New data released by the Pew Research Center has shown that the American birth rate dropped 8% between 2007 and 2010, putting the 2010 birth rate at its lowest level since 1920, the first year that we were even keeping track of this sort of thing. Guess this means that my Facebook friends are the last people in this country reproducing successfully.
The data shows more than just the fact that American uteruses taking it easy; some groups of women are scaling back the childbearing much more dramatically than others. The survey found that that the birth rate for American-born mothers dropped 6%, while foreign-born women's dropped 14%. But the biggest drop in birth rate came among Mexican-born women — in the span of only a few years, their birth rate dropped 23%. So much for the embarrassing myth of the anchor baby.
America's birth rate peaked in the late 1950's, when more than 120 of every 1,000 women of childbearing age gave birth. Now, it's about half that rate.
All of this comes in conjunction with new data from the CDC that shows that abortions are at their lowest levels in decades, dropping 5% during the recession. So what gives? Are women — especially non-US-born women — having less sex? Or are they simply able to access more affordable contraception? Because it appears that it's not just that women aren't having babies; they're not getting pregnant in the first place. Analysts theorize that birth control and emergency contraception are certainly helping women of all stripes to more actively control the size of their families, and they say that the realities of the recession are to blame for this change in behavior. One El Salvadoran woman with whom they spoke pointed to her stomach as she discussed having her tubes tied and remarked "the factory is closed."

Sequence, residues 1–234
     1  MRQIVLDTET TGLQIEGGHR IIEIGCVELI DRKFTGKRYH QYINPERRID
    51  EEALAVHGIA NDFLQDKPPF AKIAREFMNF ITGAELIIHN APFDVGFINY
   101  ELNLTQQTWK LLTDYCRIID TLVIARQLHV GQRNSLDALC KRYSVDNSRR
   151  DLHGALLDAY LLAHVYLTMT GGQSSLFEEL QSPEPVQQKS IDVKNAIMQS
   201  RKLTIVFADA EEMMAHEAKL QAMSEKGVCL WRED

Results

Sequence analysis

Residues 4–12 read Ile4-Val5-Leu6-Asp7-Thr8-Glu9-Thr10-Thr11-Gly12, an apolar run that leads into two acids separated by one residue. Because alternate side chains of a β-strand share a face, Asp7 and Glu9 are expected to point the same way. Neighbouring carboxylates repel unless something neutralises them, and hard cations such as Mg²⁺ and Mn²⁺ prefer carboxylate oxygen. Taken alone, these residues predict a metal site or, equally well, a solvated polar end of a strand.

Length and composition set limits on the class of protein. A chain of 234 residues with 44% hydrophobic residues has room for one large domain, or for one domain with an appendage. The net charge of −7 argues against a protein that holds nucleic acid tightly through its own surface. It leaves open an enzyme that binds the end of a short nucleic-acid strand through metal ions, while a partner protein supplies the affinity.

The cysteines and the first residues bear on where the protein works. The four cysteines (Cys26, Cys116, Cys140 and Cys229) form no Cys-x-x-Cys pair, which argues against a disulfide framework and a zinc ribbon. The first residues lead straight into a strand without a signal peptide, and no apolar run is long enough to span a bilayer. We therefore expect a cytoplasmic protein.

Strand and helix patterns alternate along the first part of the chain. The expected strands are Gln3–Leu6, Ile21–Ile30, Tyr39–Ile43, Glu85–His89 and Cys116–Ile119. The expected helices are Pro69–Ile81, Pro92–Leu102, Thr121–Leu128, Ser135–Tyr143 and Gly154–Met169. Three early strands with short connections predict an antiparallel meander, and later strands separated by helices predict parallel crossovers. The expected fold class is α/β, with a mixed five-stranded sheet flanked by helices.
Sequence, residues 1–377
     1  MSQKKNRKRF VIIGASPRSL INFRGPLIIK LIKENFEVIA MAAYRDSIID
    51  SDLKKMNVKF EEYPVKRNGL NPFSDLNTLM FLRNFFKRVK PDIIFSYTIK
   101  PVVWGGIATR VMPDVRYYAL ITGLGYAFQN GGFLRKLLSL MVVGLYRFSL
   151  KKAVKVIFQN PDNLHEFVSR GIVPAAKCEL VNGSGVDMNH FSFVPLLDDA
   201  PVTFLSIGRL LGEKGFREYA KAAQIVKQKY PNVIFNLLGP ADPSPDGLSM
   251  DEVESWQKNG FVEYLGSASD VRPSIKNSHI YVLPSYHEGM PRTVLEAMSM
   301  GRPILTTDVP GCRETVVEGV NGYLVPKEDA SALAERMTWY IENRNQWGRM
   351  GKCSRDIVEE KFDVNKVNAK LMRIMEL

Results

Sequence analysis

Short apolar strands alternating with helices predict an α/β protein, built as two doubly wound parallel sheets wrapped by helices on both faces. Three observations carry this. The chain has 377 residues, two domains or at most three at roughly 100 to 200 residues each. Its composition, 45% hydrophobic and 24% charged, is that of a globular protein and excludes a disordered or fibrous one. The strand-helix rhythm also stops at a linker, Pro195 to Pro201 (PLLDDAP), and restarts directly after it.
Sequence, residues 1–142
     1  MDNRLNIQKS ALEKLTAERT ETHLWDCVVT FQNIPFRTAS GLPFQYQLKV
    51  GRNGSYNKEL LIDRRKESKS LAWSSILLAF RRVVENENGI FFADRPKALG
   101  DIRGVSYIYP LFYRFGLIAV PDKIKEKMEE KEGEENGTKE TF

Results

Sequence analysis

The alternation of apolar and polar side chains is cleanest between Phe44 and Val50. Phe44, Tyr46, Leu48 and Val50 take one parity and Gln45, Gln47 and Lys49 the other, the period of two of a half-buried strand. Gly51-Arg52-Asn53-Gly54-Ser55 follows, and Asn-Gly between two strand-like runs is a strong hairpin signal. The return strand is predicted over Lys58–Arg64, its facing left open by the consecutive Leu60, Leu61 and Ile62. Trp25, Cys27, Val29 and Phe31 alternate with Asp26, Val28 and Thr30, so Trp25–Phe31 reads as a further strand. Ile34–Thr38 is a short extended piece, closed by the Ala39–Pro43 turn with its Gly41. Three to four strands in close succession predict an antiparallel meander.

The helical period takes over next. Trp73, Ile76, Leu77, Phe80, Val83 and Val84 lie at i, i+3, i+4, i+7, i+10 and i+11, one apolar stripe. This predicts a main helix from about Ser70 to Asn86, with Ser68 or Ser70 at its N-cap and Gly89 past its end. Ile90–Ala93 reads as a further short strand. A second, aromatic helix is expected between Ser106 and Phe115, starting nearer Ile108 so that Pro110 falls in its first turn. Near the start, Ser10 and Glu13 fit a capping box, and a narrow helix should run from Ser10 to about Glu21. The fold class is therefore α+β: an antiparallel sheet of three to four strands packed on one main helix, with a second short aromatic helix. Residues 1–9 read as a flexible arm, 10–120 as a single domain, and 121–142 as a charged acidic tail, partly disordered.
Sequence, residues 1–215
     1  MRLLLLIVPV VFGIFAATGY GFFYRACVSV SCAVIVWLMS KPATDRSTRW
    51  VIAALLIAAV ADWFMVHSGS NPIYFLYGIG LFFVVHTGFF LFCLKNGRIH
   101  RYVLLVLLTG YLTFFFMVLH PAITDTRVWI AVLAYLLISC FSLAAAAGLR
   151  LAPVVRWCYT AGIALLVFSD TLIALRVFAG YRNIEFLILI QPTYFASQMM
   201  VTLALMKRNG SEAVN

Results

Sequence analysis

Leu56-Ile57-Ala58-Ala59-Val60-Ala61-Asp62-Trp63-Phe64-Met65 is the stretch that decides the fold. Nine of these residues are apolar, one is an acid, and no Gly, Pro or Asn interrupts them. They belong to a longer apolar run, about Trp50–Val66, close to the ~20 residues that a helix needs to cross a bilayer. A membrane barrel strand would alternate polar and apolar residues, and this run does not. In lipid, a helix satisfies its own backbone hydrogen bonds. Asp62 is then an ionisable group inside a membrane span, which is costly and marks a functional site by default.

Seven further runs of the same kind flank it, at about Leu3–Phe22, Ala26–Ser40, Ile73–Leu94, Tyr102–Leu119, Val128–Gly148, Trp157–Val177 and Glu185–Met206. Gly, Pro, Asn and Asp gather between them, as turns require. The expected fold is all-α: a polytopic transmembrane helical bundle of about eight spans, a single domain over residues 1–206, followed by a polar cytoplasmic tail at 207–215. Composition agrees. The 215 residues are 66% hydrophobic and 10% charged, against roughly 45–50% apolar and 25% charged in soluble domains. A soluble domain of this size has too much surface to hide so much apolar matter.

But this isn't great news on all fronts (WHAT ABOUT THE FACTORY WORKERS?!). The Washington Post points out that America has kind of always relied on the high birth rates of immigrant populations in order to supply older, more established Americans with labor and ensuing tax revenue that supports programs like Social Security and Medicare. All those xenophobic oldsters in Arizona gated communities who want to keep the Mexicans out with a giant spiked fence? They're kind of SOL without the immigrants they hate so much.
While the declining U.S. birth rate has not yet created the stark imbalances in graying countries such as Japan or Italy, it should serve as a wake-up call for policymakers, said Roberto Suro, a professor of public policy at the University of Southern California.
"We've been assuming that when the baby boomer population gets most expensive, that there are going to be immigrants and their children who are going to be paying into [programs for the elderly], but in the wake of what's happened in the last five years, we have to reexamine those assumptions," he said. "When you think of things like the solvency of Social Security, for example . . . relatively small increases in the dependency ratio can have a huge effect."
While policymakers now have a new, not-enough-babies problem on their hands, the important takeaway from all of is is that from now on, we should refer to that whole internal lady pelvic appliance as "the factory."